Genre: Action, Drama
Director: Aditya Dhar
In the war room cabinet of a not-so-friendly neighbouring country, a kohl-lined, light-eyed, bearded gentleman (?) sardonically – in response to their dastardly operation which massacred Indian soldiers – says in Urdu, “What will they do? At the most they will ban our singers and artistes for some time; and everything will be back to normal soon.” This, more or less reflected the state of our response, till then.
‘Uri’, written by first-time feature director Aditya Dhar, is divided into five chapters – beginning with India’s troubled history of insurgency in North-East. The film then progresses to subsequent chapters, including the infamous guerrilla attack by four armed militants on the unsuspecting Indian soldiers in Uri, in Pakistan-occupied-Kashmir on 18 September, 2016. Vicky Kaushal plays Major Vihaan Shergill, a decorated army officer who sees his brother-in-law Capt. Karan Kashyap (Mohit Raina) perish in the dastardly attack. At the request of the Prime Minister, played by Rajit Kapur (a barely veiled reference to Narendra Modi), he abandons plans to leave active service to be by the side of his mother (Swaroop Sampat), who’s regressing with Alzheimer’s.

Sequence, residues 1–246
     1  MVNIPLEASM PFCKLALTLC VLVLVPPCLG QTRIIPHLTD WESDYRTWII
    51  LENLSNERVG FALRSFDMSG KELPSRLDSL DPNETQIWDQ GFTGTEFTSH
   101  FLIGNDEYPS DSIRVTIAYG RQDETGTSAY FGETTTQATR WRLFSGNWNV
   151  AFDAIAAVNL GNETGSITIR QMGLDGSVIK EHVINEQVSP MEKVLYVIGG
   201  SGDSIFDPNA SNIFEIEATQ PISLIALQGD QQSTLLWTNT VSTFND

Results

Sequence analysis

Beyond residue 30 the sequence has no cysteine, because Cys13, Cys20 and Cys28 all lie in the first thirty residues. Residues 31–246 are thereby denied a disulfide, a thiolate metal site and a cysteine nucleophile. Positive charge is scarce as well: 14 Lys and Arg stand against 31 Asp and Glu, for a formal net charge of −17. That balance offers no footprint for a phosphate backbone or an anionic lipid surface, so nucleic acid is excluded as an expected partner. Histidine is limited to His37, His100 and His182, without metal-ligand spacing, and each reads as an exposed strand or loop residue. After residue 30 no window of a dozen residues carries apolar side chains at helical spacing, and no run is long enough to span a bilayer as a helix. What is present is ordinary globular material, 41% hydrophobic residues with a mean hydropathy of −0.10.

It’s the concluding chapter with India’s retaliation on 29 September which destroyed the enemy’s four training camps housing mini-armies which makes up the bulk of the second half. As Govind Bhardwaj, Paresh Rawal essays the role of National Security Advisor Ajit Doval. Defence Minister Manohar Parikar, in his trademark half sleeves, is played by Yogesh Soman whereas minor actors, with a fair amount of resemblance to Rajnath Singh and Arun Jaitley, get to speak a sentence or two. Yamini Gautam is Pallavi, a backroom strategist, while Kirti Kulhari, as a fighter pilot, is little better than a glorified extra.
This is the year of quite a few films on patriotism and Uri begins 2019 by managing to whip up nationalist sentiments, thanks to the surgical executions and some well-choreographed action sequences. The film has competent editing by Shivkumar Panicker (Kapoor and Sons) and some admirable aerial cinematography by Mitesh Mirchandani (Neerja). Bishwadeep Chatterjee’s (Padmaavat) crisp sound design, with the rattling of machine-guns and jingoist exhorting by Shergill’s men, is one of the high spots of the film.
This is not to say that the film is without blemish – the script could have been tightened a bit. The Garud drone episode seems to be overdone; also, would a battalion on a surgical strike be so reckless as to cause indiscriminate sounds while entering the enemy’s compound in the dead of the night?